Littler Global Guide - Germany - Q1 2023

Browse through brief employment and labor law updates from around the globe. Contact a Littler attorney for more information or view our global locations.

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New Obligations for Companies under the Supply Chain Due Diligence Act

New Legislation Enacted

Author: Dr. Sabine Vianden, Associate – vangard | Littler

On January 1, 2023, the Supply Chain Due Diligence Act (LkSG) has come into force in Germany. It initially applies only to companies with at least 3,000 employees. From 2024, the scope of application will expand to companies with 1,000 or more employees. The law obligates companies to establish mechanisms to identify human rights and environmental violations.

Comprehensive risk analyses must be conducted and risk management systems must be introduced or supplemented to discover potential violations. Furthermore, the law requires companies to create a policy statement on the company's strategy, which specifies in more detail the steps the company is taking to comply with its obligations under this law. If the risk systems give cause for concern, the companies must take preventive measures as well as remedial action. Complaint procedures must also be established for those affected by violations. Moreover, as part of a comprehensive documentation and reporting obligation, annual business reports on the fulfillment of obligations must be published and sent to the relevant authorities.

German Federal Labor Court on Equal Pay: Negotiating Skills are No Justification for Unequal Pay

Precedential Decision by Judiciary or Regulatory Agency

Author: Dr. Sabine Vianden, Associate – vangard | Littler

On February 16, 2023 (8 AZR 450/21), the German Federal Labor Court (Bundesarbeitsgericht – BAG) decided that employers may not justify unequal remuneration of male and female employees on the basis that their male employees had better negotiation skills. The court found that unequal remuneration of equal work or work of equal value gives rise to a presumption of gender discrimination. The female plaintiff was granted an "upward adjustment" resulting in a claim to receive the same remuneration as her male co-worker as well as for damages.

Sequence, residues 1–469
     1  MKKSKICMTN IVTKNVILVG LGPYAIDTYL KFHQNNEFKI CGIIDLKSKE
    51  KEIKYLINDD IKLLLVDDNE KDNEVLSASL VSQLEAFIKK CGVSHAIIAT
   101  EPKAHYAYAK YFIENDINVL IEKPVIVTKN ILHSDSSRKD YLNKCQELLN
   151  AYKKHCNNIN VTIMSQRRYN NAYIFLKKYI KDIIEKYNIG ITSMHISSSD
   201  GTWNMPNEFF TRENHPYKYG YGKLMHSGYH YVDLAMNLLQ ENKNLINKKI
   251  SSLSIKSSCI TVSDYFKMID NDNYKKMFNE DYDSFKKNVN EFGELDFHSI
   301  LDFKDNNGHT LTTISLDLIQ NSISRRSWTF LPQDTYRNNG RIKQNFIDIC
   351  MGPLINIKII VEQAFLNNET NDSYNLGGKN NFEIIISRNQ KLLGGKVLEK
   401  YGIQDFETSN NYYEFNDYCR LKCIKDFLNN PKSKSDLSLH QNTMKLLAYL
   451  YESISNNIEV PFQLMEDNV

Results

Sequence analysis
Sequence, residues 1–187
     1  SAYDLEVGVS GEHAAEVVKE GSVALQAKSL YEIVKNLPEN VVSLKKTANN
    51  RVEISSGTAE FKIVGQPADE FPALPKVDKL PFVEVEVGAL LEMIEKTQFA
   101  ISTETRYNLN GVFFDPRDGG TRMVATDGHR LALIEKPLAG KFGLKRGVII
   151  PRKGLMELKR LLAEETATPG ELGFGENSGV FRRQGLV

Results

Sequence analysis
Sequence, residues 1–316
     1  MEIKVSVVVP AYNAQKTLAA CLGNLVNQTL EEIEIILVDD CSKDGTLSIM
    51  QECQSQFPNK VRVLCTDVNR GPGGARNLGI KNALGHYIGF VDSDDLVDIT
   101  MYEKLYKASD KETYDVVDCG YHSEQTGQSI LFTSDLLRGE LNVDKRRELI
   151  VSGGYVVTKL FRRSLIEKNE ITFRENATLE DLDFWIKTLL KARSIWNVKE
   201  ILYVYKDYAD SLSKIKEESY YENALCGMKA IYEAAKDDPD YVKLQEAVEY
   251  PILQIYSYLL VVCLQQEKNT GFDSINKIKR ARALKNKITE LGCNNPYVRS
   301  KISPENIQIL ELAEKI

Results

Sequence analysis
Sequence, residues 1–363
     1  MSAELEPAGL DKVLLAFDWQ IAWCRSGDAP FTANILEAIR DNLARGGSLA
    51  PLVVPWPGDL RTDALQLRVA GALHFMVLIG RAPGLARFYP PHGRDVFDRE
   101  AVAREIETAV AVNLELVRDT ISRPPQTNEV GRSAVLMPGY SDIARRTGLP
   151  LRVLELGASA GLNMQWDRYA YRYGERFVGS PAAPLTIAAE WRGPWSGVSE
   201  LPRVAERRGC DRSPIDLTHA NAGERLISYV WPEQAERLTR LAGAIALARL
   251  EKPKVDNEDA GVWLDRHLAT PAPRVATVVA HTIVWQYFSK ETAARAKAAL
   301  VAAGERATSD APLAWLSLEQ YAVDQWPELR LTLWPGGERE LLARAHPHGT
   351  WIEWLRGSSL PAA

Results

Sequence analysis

While indirect pay discrimination is generally prohibited under German law, pay discrimination may be justified if the employer has a legitimate purpose and the means of achieving this objective are appropriate and necessary. In particular, criteria related to the labor market, performance and work results can justify a difference in pay, provided the principle of proportionality is observed.

Surcharges for Night Work May Vary in Amount

Precedential Decision by Judiciary or Regulatory Agency

Author: Kim Kleinert, Associate – vangard | Littler

In the dispute over surcharges for night work in the German food industry, which has been raging for years, a first leading ruling has been made. On February 22, 2023 (10 AZR 332/20), the Federal Labor Court ruled irregular night work may be paid at a higher wage than regular night work.

Collective agreements may provide for higher surcharges for irregular night work than for regular night work. This provision does not necessarily violate the principle of equality under Article 3 (1) of the German Constitution. However, there must be an objective reason for the unequal treatment and the reason must be made evident in the collective agreement. The Federal Labor Court has ruled in this regard, stating that objective reasons may include the additional burdens of night work or the fact that it is more difficult to plan such work assignments.

Information contained in this publication is intended for informational purposes only and does not constitute legal advice or opinion, nor is it a substitute for the professional judgment of an attorney.